Shizuoka’s Seaside Destination
Izu Peninsula is an arm of land projecting between Suruga and Sagami bays, in the eastern side of Shizuoka Prefecture, in the south of Mount Fuji in Japan. An area of volcanic activity, it attracts sightseers with its onsen hot springs, forest hiking trails and waterfalls, remarkable mountain views and sand beaches by the ocean.
Izu Peninsula, formed by volcanic activity, is located in the south of Mount Fuji 🗻 in Shizuoka Prefecture. Its abundant and beautifully rugged landscapes are part of the Fuji-Hakone-Izu National Park and included in the UNESCO’s remarkable geological heritage since 2018 as a "Global Geopark."
Water is a prominent element of its environment, either fresh, springing from the mountains at the center of the peninsula, or saline, with Sagami Bay and Suruga Bay surrounding the land. Consequently, the culture of wasabi and cuisine based on seafood are the local gastronomy’s staple.
Izu Peninsula is one of the Tokyoites' favorite seaside destination. Train and car 🚙 are the best ways to go there from the capital ; allow about 1 to 3 hours for the shortest rides, thanks to:
- The Tokaido Shinkansen 🚅, serving Atami and Mishima at the entrance of the peninsula; and,
- The JR Limited Express Odoriko, that is hugging the eastern side of the peninsula, bound for Ito and Shimoda seaside cities in the south, and connecting to its center to the onsen ♨️ village Shuzenji, nestled in the forest.
Izu’s landscapes are a sight even from the train and some have carriages specifically laid out so that passengers can fully enjoy the view as they travel.
The region extends in the Philippine Sea to a small 10-ish islands archipelago, from Oshima being the largest and closest island to Aogashima the most remote one. The Izu Archipelago is administered by Tokyo prefecture, like Ogasawara Islands, and is reachable by plane ✈️ or by boat depending on the islands’ respective facilities.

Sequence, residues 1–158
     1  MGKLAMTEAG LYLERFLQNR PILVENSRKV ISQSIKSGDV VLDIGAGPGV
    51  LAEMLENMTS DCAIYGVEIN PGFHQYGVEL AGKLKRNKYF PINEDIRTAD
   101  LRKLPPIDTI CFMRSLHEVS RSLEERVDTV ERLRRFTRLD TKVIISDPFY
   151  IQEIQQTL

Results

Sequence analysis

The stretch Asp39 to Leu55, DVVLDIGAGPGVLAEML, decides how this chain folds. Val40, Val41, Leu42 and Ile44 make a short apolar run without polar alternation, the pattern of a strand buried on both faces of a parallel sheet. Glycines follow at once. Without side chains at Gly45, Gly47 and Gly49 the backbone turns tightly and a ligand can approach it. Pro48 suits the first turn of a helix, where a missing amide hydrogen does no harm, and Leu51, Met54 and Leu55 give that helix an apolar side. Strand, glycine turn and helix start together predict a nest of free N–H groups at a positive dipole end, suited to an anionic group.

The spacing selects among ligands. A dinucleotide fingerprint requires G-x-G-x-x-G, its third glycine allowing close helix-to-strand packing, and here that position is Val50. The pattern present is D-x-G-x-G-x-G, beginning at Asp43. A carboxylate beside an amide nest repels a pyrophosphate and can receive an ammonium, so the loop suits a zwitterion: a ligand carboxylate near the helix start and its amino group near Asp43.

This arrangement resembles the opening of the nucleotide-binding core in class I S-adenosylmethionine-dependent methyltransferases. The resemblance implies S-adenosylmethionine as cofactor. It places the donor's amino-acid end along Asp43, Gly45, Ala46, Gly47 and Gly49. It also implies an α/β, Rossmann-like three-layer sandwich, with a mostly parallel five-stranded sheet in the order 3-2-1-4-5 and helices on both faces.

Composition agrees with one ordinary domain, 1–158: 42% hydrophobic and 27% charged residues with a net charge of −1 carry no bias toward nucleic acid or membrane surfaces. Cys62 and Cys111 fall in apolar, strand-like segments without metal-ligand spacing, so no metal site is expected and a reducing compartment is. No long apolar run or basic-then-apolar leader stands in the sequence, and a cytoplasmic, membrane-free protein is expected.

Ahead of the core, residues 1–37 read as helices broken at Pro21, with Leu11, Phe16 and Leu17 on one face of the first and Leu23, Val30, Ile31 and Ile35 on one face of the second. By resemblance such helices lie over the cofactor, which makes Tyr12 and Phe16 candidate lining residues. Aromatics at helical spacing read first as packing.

Discovering nature with the seasons
An ideal place to relax, Izu is a good nature gateway blown by the marine breeze. It encompasses seaside, green forests and a view on remarkable rock formations. The peninsula is a great sightseeing destination to visit all year round. The following non-exhaustive list shows the various activities available according to the season:
♨️ Winter: hots baths and view on Mount Fuji
- Visit Atami Castle 🏯, MOA Museum of Art and the 7 hot springs of the city for a soft skin. Fireworks are fired from the main beach all year round;
- Stay at a ryokan inn in Izu’s oldest thermal resort Shuzenji;
- Admire Mount Fuji from elevated view points such as the suspended bridge of Mishima Sky Walk, Mount Omuro in Ito or the Izu Panorama Park’s ropeway in Izunokuni.
🌸 Spring and autumn: colors’ changing
- Stroll in Atami Baien Park during the blooming of the ume plum trees from January to early March, then during the maple trees’ red foliage season from mid-November to early December;
- Watch the early cherry trees 🌸 kawazu-zakura blooming as soon as February along the Kawazu River;
- Make the most of the camellias flowers season from January to early April and discover Oshima Island, off the peninsula;
- Walk the path of Shuzenji bamboo grove, to the vermilion Katsura bridge enhanced by momiji 🍁 in autumn;
- Enjoy a family outing in Shuzenji Niji-no-Sato theme park, where night illuminations take place during the koyo period.
🏖 Summer: forest hikes and beaches
- Discover the wasabi terraced fields in Ikadaba, in the heart of the large forest of Izu City, 350 meters above sea level;
- Refresh thanks to waterfalls in the forest, such as Asahi waterfall in Izu and the famous Kawazu 7 Waterfalls;
- Swim in the sea at one of the Peninsula’s beaches 🏖, such as Shirahama Beach in Shimoda, or Iwachi or Atami beach;
- Breath the ocean spray and the perfume of maritime pine trees along the jagged coastline from the suspended bridge of Jogasaki Kaigan, and pass through Irozaki Cape at the southern end of the peninsula, then along the western side around Dogashima.
A handful of temples and shrines are also open all year round to pray for good luck or for protection against natural disasters (earthquakes, typhoons 🌀) to which the peninsula is frequently subjected to. Lastly, for history amateurs, Shimoda was the port where Commodore Perry’s Black Ships moored in 1854, in a key event of the end of the Edo period (1603 – 1868) leading to the forced opening of Japan to the world, especially to trade with the United States.